The law of God has never in any way been dependent on the existence of any covenant. God's law has always existed, even as God has always existed. But the ten commandments have only existed as long as human beings have existed, and they will be in force only as long as there is human life. The existence of the ten commandments has nothing to do with any covenant. They all, including the Sabbath, came into existence when God created Adam and Eve.

A covenant is simply an agreement between two parties. In their simplest form, the covenants between God and human beings take the form of:

God says: IF you will do "this", THEN I will do "that".

The "this" refers to conditions God lays down. The "that" refers to blessings God promises to grant if the conditions are met.

Realize that the covenant, any covenant, did not bring the "this" and "that" into existence. A covenant does not really bring "new" things into existence. It really makes reference to EXISTING CONDITIONS in the human sphere. It doesn't create laws; it makes reference to existing laws. It MUST make reference to existing laws, in order for people to evaluate what they are committing to.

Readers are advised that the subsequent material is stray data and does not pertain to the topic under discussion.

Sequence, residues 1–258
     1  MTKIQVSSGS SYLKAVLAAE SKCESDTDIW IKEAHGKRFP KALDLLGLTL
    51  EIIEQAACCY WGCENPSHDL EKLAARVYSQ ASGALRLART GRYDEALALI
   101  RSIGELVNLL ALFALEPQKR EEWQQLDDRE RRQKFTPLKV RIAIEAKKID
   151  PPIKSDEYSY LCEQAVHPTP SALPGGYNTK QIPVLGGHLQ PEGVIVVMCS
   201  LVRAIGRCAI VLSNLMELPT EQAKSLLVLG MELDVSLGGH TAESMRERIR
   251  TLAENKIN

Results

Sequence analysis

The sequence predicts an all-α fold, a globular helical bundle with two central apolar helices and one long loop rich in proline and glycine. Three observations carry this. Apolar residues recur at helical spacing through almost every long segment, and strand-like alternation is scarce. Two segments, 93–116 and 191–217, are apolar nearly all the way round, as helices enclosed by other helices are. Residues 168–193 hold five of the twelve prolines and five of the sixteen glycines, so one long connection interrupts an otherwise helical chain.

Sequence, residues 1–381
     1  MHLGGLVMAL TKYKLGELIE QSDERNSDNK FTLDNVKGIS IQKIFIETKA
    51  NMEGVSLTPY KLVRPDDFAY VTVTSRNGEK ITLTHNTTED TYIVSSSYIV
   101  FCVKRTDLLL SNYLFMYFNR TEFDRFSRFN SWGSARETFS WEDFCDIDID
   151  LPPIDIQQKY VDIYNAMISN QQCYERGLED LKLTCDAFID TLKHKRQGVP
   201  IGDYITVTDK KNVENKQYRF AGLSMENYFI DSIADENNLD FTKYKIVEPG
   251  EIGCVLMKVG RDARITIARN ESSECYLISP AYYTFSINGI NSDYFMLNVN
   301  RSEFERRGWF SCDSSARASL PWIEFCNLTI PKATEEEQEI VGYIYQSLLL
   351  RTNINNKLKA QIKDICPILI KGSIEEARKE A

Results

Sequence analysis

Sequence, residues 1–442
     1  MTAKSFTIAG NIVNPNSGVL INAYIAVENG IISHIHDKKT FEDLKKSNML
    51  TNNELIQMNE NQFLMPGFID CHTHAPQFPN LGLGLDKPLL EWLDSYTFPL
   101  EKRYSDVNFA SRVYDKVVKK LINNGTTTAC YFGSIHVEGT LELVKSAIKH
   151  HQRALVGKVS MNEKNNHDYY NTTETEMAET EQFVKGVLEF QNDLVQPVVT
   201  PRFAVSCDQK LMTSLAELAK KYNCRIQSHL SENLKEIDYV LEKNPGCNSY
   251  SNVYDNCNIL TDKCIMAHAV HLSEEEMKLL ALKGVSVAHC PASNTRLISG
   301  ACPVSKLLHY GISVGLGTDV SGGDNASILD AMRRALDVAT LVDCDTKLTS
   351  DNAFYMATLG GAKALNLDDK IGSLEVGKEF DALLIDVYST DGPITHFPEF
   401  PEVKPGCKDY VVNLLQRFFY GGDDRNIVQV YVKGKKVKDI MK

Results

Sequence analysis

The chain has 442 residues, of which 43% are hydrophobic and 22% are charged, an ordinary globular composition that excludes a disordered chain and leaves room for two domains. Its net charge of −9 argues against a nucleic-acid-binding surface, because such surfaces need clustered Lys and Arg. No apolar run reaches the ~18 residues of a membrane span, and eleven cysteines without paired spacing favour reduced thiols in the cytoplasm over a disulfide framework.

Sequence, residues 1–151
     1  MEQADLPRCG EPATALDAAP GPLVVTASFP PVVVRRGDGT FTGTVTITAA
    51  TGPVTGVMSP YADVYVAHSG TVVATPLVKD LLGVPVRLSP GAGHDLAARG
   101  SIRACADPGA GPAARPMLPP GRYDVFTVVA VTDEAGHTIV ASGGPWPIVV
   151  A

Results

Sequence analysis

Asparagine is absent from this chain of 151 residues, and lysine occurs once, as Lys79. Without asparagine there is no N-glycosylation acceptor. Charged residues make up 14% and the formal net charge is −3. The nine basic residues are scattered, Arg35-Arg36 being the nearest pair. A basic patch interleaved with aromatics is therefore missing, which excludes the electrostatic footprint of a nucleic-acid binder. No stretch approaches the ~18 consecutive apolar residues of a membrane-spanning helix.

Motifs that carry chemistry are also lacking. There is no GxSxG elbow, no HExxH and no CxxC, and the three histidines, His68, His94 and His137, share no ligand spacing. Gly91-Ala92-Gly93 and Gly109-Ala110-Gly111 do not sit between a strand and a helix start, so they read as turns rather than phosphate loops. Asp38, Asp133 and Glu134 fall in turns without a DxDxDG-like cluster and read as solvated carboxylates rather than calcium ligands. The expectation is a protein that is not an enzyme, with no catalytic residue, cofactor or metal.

Next, the conditions God requires for any covenant are not chosen at random or on impulse. They are always an expression of the same mind. GOD NEVER CHANGES THE RULES OF THE GAME!

For I [am] the LORD, I change not; therefore ye sons of Jacob are not consumed. (Malachi 3:6)

God is dependable. We can count on God being consistent. Anyone who thinks otherwise simply does not understand the mind of God. Now obviously, we don't understand the mind of God perfectly. But the whole Bible is an expression of the mind of God. And we really can understand a great deal about how God thinks and works, because God has chosen to reveal this to us through the Bible. And one thing that is very clearly revealed is that God is consistent and absolutely reliable.

As we now examine the actual words used in the Bible in connection with the "new" covenant, we should be fairly confident as to how God works, and what we can expect from God. So now let's look at the word for "new" that is used in the Old Testament.


There is one Scripture in the O.T. that specifically refers to a new covenant being made. It is in Jeremiah chapter 31.

Behold, the days come, saith the LORD, that I WILL MAKE A NEW COVENANT with the house of Israel, and with the house of Judah: (Jeremiah 31:31)

The word here translated "new" is the Hebrew adjective "chadash". It is used 53 times in the O.T. and always translated as "new" or as "new thing" except once, in Job 20:29, where it is translated as"fresh". But this adjective is actually formed from the verb "chadash" (same transliterated spelling), which is used ten times in the O.T..

A look at these ten places where THE VERB "CHADASH" is used makes quite clear what meaning God is conveying through this verb. In seven places it is translated as "renew" and in the three other places it is translated as "repair". Let's briefly notice these passages. I have rendered the translation of "chadash" in capital letters for easier recognition.